The Education Endowment Foundation (EEF) has published a report assessing the impact of Abracadabra (ABRA), a 20-week online literacy programme, on literacy outcomes for Year 1 pupils. ABRA is composed of phonic fluency and comprehension activities based around a series of age-appropriate texts and is designed to be delivered by a teaching assistant to groups of three to five pupils in four 15-minute sessions per week. The EEF evaluation tested the ABRA online intervention alongside a paper-based alternative using the same material.

Fifty-one schools were randomly assigned to receive either a version of the intervention or to act as a control school delivering business as usual. In the schools receiving the intervention, pupils were randomised to receive the online intervention (ABRA), the paper-based intervention, or standard literacy provision.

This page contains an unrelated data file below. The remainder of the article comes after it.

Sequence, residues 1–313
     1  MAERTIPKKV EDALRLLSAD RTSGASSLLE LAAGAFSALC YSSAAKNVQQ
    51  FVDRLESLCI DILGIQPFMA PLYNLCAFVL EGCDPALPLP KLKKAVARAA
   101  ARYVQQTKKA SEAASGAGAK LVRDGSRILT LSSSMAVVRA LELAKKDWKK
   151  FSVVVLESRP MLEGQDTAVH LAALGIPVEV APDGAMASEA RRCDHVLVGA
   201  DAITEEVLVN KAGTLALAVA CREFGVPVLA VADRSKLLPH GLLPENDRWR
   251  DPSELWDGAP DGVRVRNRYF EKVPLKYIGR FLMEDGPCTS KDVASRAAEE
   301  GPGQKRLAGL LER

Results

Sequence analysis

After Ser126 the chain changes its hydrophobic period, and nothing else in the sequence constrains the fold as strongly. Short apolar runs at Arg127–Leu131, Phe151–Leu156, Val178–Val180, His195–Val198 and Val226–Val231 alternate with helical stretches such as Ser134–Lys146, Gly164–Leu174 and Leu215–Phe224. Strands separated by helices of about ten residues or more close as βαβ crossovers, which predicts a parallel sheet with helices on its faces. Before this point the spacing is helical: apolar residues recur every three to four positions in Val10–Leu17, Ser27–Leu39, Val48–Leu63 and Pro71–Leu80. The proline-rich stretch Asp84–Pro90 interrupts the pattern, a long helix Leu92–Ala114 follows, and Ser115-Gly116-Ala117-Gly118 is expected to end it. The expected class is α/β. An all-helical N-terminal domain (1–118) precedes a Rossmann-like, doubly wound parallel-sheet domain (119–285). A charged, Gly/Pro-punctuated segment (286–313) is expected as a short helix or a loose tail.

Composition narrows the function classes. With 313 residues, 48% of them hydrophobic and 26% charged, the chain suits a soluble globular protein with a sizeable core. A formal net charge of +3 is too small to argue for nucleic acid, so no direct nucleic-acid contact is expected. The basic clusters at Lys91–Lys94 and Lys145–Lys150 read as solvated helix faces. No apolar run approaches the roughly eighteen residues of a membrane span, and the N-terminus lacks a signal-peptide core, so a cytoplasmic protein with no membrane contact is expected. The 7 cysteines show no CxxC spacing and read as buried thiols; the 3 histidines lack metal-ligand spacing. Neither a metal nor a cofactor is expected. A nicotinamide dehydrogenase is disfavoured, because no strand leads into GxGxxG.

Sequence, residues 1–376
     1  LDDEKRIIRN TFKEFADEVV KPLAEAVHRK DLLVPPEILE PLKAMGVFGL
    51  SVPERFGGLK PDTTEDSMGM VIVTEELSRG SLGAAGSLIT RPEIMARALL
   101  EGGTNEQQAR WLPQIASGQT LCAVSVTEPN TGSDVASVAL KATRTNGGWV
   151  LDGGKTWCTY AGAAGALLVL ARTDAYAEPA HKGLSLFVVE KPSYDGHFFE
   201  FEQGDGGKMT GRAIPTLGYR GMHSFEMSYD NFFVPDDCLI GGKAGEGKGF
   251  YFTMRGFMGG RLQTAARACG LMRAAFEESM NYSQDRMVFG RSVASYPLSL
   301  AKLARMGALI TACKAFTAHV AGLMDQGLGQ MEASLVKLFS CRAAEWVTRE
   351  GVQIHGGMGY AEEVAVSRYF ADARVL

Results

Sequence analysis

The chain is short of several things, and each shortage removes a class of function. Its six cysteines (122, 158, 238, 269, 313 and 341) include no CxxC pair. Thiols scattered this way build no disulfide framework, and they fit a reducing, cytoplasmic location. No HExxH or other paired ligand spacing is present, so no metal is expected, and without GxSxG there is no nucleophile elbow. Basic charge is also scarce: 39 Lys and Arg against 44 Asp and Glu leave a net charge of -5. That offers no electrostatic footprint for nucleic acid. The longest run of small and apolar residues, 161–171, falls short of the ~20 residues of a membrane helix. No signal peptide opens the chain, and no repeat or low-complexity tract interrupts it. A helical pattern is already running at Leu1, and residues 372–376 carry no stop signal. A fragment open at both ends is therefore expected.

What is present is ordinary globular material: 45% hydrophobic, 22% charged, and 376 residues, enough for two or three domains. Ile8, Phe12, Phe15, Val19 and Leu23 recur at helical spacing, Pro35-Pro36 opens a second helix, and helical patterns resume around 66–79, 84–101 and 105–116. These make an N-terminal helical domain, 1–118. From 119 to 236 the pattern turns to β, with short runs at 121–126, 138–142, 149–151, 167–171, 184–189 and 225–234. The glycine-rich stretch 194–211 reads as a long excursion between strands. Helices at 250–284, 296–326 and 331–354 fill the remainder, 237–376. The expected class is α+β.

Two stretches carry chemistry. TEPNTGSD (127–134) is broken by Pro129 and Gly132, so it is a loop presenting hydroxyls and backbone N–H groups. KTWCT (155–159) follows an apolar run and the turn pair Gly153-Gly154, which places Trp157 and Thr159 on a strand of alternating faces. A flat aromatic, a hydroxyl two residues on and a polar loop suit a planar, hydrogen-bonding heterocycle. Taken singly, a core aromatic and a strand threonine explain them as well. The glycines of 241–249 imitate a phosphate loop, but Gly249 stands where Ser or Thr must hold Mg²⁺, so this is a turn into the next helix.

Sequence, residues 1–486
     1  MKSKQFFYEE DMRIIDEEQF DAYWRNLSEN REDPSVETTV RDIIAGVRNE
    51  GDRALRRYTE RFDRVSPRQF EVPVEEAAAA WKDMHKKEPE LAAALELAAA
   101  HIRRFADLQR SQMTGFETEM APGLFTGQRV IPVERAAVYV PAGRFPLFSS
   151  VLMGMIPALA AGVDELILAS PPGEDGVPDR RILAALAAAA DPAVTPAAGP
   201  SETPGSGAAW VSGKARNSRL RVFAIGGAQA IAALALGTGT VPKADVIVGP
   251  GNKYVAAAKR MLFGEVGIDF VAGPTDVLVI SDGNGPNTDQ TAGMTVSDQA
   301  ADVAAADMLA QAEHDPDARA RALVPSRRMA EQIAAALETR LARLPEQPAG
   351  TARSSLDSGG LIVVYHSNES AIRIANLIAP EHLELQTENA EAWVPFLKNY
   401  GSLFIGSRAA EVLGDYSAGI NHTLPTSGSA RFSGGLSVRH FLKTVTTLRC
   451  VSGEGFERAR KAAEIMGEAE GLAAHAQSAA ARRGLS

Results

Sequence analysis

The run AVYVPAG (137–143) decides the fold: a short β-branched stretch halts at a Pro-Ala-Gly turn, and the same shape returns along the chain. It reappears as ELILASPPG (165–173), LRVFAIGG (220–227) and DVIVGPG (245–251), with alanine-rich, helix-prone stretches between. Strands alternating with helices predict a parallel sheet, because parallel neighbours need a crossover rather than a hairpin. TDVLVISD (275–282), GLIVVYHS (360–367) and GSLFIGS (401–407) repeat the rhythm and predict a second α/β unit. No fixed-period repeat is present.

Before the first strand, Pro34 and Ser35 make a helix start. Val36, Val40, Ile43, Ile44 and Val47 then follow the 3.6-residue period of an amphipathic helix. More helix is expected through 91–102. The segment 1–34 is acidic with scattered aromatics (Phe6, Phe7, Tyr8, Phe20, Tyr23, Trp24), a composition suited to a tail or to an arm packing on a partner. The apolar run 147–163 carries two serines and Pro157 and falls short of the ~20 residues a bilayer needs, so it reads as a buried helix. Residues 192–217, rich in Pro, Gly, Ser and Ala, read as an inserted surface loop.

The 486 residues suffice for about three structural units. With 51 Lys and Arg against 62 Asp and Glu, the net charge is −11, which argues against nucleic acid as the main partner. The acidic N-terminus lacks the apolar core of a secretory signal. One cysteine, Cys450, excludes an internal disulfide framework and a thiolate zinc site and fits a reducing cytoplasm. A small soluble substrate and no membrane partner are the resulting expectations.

Positive effects were found for both the online and paper-based interventions. Pupils in the online treatment group (effect size = +0.14) and the paper-based treatment group (ES = +0.23) both showed an improvement in literacy outcomes. The impact was higher for children eligible for free school meals for both ABRA (+0.37) and the paper-based intervention (+0.40). Pupils with below average pre-test outcomes seemed to benefit from ABRA, whereas the paper-based intervention seemed to benefit all pupils. Pupils who received normal literacy provision in the schools where the interventions took place did better than pupils who received normal literacy provision in control schools.